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90s Slang You Should Know


[fruhs-treyt] /ˈfrʌs treɪt/
verb (used with object), frustrated, frustrating.
to make (plans, efforts, etc.) worthless or of no avail; defeat; nullify:
The student's indifference frustrated the teacher's efforts to help him.
to disappoint or thwart (a person):
a talented woman whom life had frustrated.
verb (used without object), frustrated, frustrating.
to become frustrated:
His trouble is that he frustrates much too easily.
Obsolete. frustrated.
Origin of frustrate
late Middle English
1400-50; late Middle English < Latin frustrātus, past participle of frustrārī, verbal derivative of frustrā in vain
Related forms
frustrater, noun
frustratingly, adverb
[fruhs-trey-tiv, -truh-] /ˈfrʌs treɪ tɪv, -trə-/ (Show IPA),
refrustrate, verb (used with object), refrustrated, refrustrating.
1. balk, foil, circumvent. See thwart. Unabridged
Based on the Random House Dictionary, © Random House, Inc. 2017.
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Examples from the Web for frustrate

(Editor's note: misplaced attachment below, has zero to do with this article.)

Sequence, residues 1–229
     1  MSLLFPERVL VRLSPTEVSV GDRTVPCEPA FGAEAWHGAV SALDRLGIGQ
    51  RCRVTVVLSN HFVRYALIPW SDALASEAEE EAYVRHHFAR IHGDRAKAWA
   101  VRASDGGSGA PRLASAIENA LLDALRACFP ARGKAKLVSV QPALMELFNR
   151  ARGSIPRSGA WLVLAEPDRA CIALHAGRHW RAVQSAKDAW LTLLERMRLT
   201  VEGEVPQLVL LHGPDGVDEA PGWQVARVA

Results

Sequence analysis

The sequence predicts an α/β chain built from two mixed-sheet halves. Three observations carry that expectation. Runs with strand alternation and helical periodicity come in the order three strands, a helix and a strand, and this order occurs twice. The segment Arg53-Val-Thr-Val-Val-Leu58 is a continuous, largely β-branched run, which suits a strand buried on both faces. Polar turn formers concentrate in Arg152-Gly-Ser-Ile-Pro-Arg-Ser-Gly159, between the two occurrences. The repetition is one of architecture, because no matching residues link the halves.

Contemporary Examples
Historical Examples
  • You would help these men to hunt me and frustrate me in my designs!

    Dracula Bram Stoker
  • And now is the time to frustrate their (the Indians) intentions, and keep the country while we are in it.

    Daniel Boone John S. C. Abbott
  • He also,” added Mr. Wapshot, “vented his malignant slander against me; but Heaven was pleased to frustrate his base schemes.

    The History of Samuel Titmarsh William Makepeace Thackeray
  • But there was always a Great Power to frustrate these designs.

  • I also determined to frustrate this attempt to exclude the Allies from participation, and gave the order to my own men to move.

British Dictionary definitions for frustrate


verb (transitive)
to hinder or prevent (the efforts, plans, or desires) of; thwart
to upset, agitate, or tire: her constant complaints began to frustrate him
(archaic) frustrated or thwarted; baffled
Derived Forms
frustrater, noun
Word Origin
C15: from Latin frustrāre to cheat, from frustrā in error
Collins English Dictionary - Complete & Unabridged 2012 Digital Edition
© William Collins Sons & Co. Ltd. 1979, 1986 © HarperCollins
Publishers 1998, 2000, 2003, 2005, 2006, 2007, 2009, 2012
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Word Origin and History for frustrate

mid-15c., from Latin frustratus, past participle of frustrari "to deceive, disappoint, frustrate," from frustra (adv.) "in vain, in error," related to fraus "injury, harm" (see fraud). Related: Frustrated; frustrating.

Online Etymology Dictionary, © 2010 Douglas Harper
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